My personal preference for concert movies or albums is that they come from on single concert not a mix of shows, and if available preferably on Blu Ray, so for me this was the version I went for and am most happy with. (which this review will be focusing on).

In terms of specs: The Blu Ray version is in 1080p with PCM Stereo and DTS HD Master 5.1 options, Region:All. There aren’t any bonus features. There’s a booklet with some photos but no linear notes.

So the main reason you are buying this disc is for the concert; which is about an hour and forty-five minutes of blistering classic Heavy Metal. The 18-song tracklisting is pretty heavily focused on the three Tornillo-era albums, with a few of the classic ’80s crowdpleasing tunes added in as well. So if you’ve already got the DVD that came with Blind Rage its still worth checking this out for the different tracklisting and higher production values. (The CD version of Restless & Wild contains 27 songs and more of a mix of material).

The tracklisting is: 1. Stampede 2. Stalingrad 3. London Leatherboys 4. Restless & Wild 5. Dying Breed 6. Final Journey 7. Shadow Soldiers 8. Losers & Winners 9. 200 Years 10. Midnite Mover 11. No Shelter 12. Princess Of The Dawn 14. Pandemic 15. Fast As A Shark 16. Metal Heart 17. Teutonic Terror 18. Balls To The Wall

The performance is tight and professional but still has that ‘live’ feeling and energy, it isn’t all sterile but it isn’t loose and sloppy either, its just right. They all give it gusto and look pretty into it. There’s no complaints on vocals, musicianship or song selection for me. Wolf Hoffman’s guitar solos are as entertaining as you would expect and there’s a fun bass versus guitar trade off section at one point. The camera work, editing, sound and mix are all solid. Nothing jarring or out of place, no sync issues, all instruments audible and in correct balance. The songs sound clear and yet muscular.

Its a pretty simple and honest affair. There’s no gimmicks here; no big show with giant robot crabs on stage or band members catching fire or shooting lazers out of their eyes, and there’s no life changing documentary, no animations weaved into the concert or anything… but if you want to buy an Accept live concert and watch songs like ‘Fast As A Shark’ and ‘Balls To The Wall’ played well by the new line-up and competently captured and prepared for home viewing then it is an absolutely fine product and I highly recommend it to fans of the band, especially to fans of the newer three albums. For me, watching songs like ‘No Shelter,’ ‘Stalingrad’ and ‘Pandemic’ belted out enthusiastically are worth the money.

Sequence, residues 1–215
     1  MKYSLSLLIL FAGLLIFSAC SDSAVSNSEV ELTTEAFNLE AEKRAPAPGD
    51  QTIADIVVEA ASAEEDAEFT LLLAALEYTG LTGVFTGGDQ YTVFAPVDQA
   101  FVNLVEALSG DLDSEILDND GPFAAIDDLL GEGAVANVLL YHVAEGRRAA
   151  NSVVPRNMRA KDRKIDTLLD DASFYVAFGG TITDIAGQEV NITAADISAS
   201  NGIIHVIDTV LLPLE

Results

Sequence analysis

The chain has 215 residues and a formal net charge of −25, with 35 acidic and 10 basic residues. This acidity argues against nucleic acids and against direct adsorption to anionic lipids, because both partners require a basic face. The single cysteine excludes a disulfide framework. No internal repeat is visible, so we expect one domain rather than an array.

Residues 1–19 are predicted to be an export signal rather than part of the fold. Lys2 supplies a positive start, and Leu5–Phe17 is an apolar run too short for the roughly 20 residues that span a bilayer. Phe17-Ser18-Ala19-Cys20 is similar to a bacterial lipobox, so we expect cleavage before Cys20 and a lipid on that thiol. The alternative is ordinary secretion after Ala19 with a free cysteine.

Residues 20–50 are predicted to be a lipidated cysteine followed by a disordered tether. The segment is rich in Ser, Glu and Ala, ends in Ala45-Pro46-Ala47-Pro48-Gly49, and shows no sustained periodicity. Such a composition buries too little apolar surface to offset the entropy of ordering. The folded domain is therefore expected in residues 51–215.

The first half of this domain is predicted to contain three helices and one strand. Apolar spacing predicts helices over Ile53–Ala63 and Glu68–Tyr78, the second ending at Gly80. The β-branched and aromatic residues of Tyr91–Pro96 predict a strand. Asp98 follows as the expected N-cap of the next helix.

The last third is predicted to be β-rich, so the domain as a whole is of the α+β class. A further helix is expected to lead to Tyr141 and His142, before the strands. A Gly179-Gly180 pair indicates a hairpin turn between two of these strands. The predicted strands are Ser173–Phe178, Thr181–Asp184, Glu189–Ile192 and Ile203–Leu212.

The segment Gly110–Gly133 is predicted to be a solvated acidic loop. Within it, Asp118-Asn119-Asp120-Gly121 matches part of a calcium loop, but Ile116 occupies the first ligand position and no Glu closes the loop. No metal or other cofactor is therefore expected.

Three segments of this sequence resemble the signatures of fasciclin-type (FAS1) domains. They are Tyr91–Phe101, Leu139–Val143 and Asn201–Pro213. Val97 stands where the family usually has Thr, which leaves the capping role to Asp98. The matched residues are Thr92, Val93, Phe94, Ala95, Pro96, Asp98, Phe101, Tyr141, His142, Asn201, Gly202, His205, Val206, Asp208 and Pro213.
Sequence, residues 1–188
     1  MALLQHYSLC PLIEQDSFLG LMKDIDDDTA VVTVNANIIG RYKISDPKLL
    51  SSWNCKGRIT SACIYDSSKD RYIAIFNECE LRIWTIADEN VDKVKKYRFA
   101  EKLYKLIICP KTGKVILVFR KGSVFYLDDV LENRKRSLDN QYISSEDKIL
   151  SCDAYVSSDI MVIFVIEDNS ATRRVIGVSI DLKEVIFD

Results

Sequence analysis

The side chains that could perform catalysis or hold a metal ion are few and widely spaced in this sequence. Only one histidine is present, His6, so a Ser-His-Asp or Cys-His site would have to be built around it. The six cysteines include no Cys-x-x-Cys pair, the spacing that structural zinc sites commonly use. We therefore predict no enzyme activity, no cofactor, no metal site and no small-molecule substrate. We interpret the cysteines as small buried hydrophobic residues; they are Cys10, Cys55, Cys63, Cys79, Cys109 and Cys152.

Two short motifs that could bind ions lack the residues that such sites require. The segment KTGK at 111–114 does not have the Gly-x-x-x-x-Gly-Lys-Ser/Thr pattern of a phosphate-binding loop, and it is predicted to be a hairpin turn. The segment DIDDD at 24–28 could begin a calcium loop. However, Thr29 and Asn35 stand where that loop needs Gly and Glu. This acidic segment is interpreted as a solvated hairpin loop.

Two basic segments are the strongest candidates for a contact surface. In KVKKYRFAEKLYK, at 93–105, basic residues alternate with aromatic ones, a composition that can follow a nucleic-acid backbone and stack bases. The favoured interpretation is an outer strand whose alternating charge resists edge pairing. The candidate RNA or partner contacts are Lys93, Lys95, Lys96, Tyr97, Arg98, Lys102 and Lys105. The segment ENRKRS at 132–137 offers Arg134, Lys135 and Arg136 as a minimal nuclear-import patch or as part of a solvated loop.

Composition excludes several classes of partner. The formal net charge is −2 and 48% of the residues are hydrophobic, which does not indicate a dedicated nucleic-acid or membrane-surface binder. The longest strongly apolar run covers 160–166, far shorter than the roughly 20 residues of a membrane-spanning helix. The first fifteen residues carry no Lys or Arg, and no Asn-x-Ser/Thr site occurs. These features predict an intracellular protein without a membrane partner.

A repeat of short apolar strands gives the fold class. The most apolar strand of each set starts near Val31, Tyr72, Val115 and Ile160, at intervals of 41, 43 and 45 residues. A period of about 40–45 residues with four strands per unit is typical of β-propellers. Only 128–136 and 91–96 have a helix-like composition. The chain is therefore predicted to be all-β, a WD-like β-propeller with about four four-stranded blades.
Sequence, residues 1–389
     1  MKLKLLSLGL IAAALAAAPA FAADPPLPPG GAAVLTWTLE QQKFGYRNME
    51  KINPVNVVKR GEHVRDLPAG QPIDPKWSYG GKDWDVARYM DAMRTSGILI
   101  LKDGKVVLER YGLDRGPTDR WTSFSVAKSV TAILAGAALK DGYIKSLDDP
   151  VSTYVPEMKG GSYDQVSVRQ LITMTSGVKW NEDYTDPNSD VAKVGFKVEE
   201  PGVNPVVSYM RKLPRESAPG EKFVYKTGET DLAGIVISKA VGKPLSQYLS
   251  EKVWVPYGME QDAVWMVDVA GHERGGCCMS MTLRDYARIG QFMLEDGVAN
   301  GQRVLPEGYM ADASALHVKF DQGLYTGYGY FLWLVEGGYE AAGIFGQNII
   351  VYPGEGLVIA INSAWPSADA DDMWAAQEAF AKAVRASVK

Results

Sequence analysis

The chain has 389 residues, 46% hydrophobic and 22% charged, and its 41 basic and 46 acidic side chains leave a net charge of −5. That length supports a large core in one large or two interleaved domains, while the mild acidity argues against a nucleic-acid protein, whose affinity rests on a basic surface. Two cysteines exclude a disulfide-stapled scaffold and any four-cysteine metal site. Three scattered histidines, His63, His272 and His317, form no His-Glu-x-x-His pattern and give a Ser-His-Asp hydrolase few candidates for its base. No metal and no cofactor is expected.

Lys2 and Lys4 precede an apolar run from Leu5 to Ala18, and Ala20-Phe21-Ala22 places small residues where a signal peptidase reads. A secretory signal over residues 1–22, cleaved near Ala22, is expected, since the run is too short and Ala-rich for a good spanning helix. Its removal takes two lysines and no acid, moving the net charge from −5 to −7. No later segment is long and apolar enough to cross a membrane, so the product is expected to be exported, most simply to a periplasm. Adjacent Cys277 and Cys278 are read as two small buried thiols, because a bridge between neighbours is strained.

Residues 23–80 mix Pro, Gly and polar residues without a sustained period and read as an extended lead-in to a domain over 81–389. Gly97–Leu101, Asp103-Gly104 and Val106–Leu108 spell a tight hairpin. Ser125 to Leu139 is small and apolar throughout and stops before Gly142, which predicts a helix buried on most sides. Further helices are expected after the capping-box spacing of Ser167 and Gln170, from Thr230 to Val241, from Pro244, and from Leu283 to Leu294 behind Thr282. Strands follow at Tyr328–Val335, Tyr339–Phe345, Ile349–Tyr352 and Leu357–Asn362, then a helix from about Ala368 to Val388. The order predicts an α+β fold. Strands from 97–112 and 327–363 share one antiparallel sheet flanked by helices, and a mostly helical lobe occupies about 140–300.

If you are new to the band, this is a very strong starting place, (if not entirely representative of the overall discography) and if you are a fan already its a worthy addition to your collection.

IRON MAIDEN Live After Death

Movie · 1985 · NWoBHM
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siLLy puPPy
Universally cited as one of the absolute best live albums of all time, LIVE AFTER DEATH is the first live album / video release of IRON MAIDEN’s classic early Bruce Dickinson years and was recorded during their “World Slavery Tour.” Despite lasting a whopping 331 days, this double LP album only took two venues as their source for representing their electric live performances. The first 13 tracks were recorded at the Long Beach Arena in California, USA and the remaining five tracks were taken from a night at Hammersmith Odeon in London. While LIVE AFTER DEATH was released both as audio LP and video VHS in 1985, the two aren’t exactly identical in content. The audio LP originally contained 18 tracks (one of which is “Intro: Churchill’s Speech”) but the VHS visual experience only had 14 tracks. Unfortunately when LIVE AFTER DEATH was originally released on CD it was too long for a single disc and instead of simply issuing a double disc, EMI unwisely decided to cut the last five tracks which included the Odeon performance, therefore it is highly advisable to obtain the Sanctuary remastered version which was released as a double disc and retains the entire run of one classic song after another.

LIVE AFTER DEATH is the absolute perfect live album. I very rarely put live albums high on my list of favorites because more often than not something or many things prevent them from capturing my attention and worthiness as essential. If it’s not the weak production values then it is the inability of the band to capture the magic that is manufactured in the studio. That is not the case here. IRON MAIDEN was at the pinnacle of their creative prowess at this point and after several outstanding and classic albums to mine for material, they perfectly execute these live performances and offer every little ounce of excitement heard on the studio releases. Bruce Dickinson nails the vocals and the thundering trio of Steve Harris’ bass and the guitar synergy of Dave Murray and Adrian Smith accompanied by Nikko McBrain’s stellar drumming style doesn’t get any better. While most of the tracks are performed rather faithfully to their studio versions, there is plenty of live improvisation taking places as well. Standout moments include Bruce’s attempt to get audience participation on “Running Free” and another great difference can be heard on “Revelations” where the tempo is upped and Bruce changes the vocal phrasing to make the track sound different and refreshed.